After dumping our bags in a basic hotel a little outside the main drag of Jacqueville, we follow the directions in our travel guide to what supposedly is the area where we can find historic buildings. When we reach the beach, we turn towards the west. Big waves unleash their power on the golden beach, causing wild white water in the surf, and a permanent spray of salt in the air. Even from the top of the beach, we can imagine a strong, treacherous current in that constantly moving water, and indeed: many people die on the coast here, underestimating the force of the ocean. Ghanaian fishermen have their colourful boats lying on the sand, kids playing around them. We walk the beach further west, through the fine mist of salty air, until we realize that those colonial buildings cannot be here.
After walking a short bit to the north, we reach a road that runs parallel to the beach. We ask a friendly lady selling fruits on the street where we can find the famous historic buildings of Jacqueville, and she enthusiastically points towards the other side of town: the east. Perhaps the author of the guide mixed up east and west? We now walk with the sun shining on our backs, and along one of the busier streets of town, giving us a lot to see. Carcasses of cars, small shops, streetvendors, bars, guys riding their motorbikes: sights common in most Ivorian towns. When we see ruins of a building, we walk closer, only to find out that these ruins are concrete buildings with graffiti on them, and not more than a few decades old, if that. We again ask someone for the historic buildings, and the Ivorian man looks puzzled: old buildings? Here?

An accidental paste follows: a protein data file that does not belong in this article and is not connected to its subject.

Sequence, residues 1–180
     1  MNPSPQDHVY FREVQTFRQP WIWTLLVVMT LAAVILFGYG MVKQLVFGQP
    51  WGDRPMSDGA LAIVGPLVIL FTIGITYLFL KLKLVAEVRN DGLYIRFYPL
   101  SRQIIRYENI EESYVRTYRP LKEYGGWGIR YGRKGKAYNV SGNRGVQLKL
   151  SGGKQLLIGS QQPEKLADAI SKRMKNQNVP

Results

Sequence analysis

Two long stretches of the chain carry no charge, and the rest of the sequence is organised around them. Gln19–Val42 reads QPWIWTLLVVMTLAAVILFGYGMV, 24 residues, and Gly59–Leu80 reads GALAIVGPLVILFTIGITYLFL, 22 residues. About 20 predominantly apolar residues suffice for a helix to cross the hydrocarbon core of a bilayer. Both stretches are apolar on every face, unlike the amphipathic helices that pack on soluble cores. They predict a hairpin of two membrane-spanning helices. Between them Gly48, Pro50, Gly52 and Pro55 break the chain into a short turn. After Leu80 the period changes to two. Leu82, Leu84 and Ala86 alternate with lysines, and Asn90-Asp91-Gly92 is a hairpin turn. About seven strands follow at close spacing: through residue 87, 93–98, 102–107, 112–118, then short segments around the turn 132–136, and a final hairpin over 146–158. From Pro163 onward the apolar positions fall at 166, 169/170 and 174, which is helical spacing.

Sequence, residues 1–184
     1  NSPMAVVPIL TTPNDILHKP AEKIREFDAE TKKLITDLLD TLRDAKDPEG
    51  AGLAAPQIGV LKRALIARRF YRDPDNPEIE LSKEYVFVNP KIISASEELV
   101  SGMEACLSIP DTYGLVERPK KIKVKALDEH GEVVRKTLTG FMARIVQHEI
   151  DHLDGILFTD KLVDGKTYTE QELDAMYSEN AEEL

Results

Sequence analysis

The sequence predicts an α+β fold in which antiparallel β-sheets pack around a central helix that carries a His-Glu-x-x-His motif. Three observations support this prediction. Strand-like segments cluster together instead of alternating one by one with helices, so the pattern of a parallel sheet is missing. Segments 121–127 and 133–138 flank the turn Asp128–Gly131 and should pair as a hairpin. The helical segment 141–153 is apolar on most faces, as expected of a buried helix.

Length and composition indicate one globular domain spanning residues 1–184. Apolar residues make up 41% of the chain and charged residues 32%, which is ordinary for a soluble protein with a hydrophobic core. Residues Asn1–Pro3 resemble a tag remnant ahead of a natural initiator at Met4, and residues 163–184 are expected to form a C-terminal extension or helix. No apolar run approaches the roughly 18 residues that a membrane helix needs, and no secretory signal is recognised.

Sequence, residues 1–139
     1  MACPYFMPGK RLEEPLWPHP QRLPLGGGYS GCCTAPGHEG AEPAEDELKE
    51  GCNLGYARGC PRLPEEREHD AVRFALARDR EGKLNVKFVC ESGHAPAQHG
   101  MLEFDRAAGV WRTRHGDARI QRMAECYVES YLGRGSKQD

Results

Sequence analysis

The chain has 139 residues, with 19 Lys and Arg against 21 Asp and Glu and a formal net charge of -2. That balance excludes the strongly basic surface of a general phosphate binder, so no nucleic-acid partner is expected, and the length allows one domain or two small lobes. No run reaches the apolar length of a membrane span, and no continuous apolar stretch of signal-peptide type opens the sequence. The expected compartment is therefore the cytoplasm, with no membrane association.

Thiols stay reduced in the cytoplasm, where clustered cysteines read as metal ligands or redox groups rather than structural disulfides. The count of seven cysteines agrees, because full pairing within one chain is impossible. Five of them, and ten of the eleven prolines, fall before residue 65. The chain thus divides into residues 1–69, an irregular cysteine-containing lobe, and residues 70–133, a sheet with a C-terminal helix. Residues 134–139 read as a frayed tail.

We walk towards the beach again; after all, it would make sense for the French colonizer to have built their buildings near the ocean. Supposedly, there should also be remains of British buildings who first colonized this town; after all, the very name Jacqueville finds its origin in the fact that the Union Jack was first raised here. But alas, we only come across yet more ordinary African houses. We ask someone else: historic buildings? An old church? But whoever we ask, the looks are vague, and not one person can tell us where to look. By then, the sun is nearly hitting the horizon, and we decide to walk to the small lake of Jacqueville, to eat our first mangoes while watching sunset reflecting in the perfectly still waters of the lake. By now, we have understood that we will never find the historic buildings of Jacqueville, but the nagging doubt remains: where can they have gone? Meanwhile, we are content with the walk through Jacqueville that has shown us several faces of this quiet fishing town - we have seen quite a lot of it, thanks to our frantic search for the mysterious colonial part of town.
Personal travel impressions both in words and images from Jacqueville (Ivory Coast). Clicking on the pictures enlarges them and enables you to send the picture as a free e-card or download it for personal use, for instance, on your weblog. Or click on the map above to visit more places close to Jacqueville.
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